A SEVERE shortage of EpiPens across the locality could be putting lives at risk.
THE Department of Health confirmed that the emergency medical devices are indeed in short supply, after this newspaper raised the plight of the McGonigle family from Strabane.
Mum Karen McGonigle, from Glenevish Hill, contacted local MLA Daniel McCrossan after she was told that supplies of the pens were low. The prescription for her four-year-old son Alex runs out at the end of the month and as yet, a repeat prescription has not been achieved.
“My son, Alex has a nut allergy and requires EpiPens in case of anaphylactic shock if he should come into contact with peanuts. His current prescription runs out at the end of the month.
“When we handed in the script nearly three weeks ago and requested a new prescription, we were told that there are none available. We tried Derry too but they have the same problem. We are still waiting three weeks later.”
The McGonigles’ concerns were also taken up by SDLP MLA Daniel McCrossan who subsequently wrote to Permanent Secretary Richard Pengelly and chief pharmaceutical officer Mark Timoney.
“For families like the McGonigles this can be a matter of life or death,” Mr McCrossan said. “This is a province-wide problem and needs a province-wide solution. I have written to Richard Pengelly and Mark Timoney to ask them what they are doing to mitigate the risks of this EpiPen shortage.”
He added, “Last month, the Government in London suggested that drug companies should stockpile an additional six weeks of drugs above what they usually do. But this is happening now, ahead of Brexit.”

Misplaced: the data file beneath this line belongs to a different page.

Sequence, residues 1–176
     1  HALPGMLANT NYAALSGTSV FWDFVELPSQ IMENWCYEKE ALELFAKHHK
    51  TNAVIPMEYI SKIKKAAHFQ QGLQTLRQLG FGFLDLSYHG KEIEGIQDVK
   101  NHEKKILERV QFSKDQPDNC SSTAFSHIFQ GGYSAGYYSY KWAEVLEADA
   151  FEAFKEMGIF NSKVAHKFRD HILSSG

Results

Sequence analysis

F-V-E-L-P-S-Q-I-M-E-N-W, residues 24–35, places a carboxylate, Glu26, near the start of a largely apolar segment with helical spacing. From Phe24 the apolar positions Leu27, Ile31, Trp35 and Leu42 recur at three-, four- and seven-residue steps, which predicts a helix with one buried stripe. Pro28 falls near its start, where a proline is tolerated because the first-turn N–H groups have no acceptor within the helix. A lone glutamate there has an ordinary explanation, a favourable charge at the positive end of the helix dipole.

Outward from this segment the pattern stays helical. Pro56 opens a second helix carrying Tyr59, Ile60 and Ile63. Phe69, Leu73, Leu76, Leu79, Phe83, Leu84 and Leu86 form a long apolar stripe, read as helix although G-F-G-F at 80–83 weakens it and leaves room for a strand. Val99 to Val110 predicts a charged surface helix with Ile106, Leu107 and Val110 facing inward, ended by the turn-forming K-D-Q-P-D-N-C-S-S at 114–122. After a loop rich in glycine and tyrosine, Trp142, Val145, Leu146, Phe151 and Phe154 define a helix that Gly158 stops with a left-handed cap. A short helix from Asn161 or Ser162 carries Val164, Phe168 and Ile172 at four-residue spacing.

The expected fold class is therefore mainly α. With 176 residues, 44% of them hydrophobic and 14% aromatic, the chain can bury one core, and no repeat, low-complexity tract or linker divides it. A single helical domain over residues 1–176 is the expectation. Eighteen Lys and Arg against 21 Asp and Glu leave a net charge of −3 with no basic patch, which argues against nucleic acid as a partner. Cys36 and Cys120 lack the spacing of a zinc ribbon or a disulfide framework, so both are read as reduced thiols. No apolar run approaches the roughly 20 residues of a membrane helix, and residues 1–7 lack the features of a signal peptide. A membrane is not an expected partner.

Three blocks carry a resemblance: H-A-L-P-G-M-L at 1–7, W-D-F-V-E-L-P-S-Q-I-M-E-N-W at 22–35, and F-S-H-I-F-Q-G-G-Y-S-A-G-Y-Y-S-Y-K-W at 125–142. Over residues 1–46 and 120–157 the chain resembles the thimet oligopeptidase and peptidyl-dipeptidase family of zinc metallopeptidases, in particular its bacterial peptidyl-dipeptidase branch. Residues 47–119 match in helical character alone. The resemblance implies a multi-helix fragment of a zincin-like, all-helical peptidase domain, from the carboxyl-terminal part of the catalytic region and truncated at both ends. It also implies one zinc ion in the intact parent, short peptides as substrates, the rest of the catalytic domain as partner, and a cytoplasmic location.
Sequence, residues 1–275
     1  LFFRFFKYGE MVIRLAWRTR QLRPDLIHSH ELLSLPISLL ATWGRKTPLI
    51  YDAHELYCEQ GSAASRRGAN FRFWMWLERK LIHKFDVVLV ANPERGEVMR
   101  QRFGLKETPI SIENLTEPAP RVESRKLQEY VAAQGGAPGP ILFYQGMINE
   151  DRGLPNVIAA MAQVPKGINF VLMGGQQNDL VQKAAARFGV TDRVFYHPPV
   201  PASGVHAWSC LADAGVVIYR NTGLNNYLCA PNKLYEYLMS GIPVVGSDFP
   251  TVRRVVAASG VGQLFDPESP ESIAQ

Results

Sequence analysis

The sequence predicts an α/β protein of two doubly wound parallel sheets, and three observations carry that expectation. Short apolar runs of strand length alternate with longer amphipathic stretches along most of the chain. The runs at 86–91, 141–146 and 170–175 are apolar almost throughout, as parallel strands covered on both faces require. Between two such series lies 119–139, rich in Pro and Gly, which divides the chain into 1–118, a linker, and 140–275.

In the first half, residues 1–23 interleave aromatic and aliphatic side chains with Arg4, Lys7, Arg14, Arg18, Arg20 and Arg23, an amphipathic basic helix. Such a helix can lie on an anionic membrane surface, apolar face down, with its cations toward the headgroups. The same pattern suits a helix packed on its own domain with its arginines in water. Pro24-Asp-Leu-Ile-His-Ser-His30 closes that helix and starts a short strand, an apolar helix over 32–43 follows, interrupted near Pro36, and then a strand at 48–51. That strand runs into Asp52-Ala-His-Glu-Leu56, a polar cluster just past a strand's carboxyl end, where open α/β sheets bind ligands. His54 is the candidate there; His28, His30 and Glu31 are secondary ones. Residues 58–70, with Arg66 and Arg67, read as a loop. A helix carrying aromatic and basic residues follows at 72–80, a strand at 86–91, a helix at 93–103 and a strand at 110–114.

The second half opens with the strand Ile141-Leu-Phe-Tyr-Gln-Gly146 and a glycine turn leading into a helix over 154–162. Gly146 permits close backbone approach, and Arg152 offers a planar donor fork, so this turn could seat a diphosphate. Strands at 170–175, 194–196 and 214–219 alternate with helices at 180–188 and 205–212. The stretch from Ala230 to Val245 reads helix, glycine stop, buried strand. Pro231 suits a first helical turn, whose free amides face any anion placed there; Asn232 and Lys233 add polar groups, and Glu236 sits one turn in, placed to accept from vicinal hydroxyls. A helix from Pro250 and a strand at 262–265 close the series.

When contacted by this newspaper, the Department of Health confirmed there is a shortage and advised those affected “to retain their current EpiPens until a new supply can be obtained.”
A spokesperson said, “The Department of Health is aware of an ongoing issue with intermittent supply constraints of EpiPen® 0.3mg and EpiPen® Jr 0.15mg Adrenaline Auto-Injectors due to manufacturing delays.
“It is unable to make any specific treatment recommendation to individual patients but would advise that there are two alternative adrenaline auto-injector products available in the UK.
“Patients who are concerned about the current supply constraints of EpiPens® should speak to their GP practice regarding the possibility of alternative treatments.
“The Health and Social Care Board (HSCB) is actively monitoring the availability of all Adrenaline Auto-Injectors in conjunction with wholesalers, and has issued advice to prescribers and community pharmacies in Northern Ireland.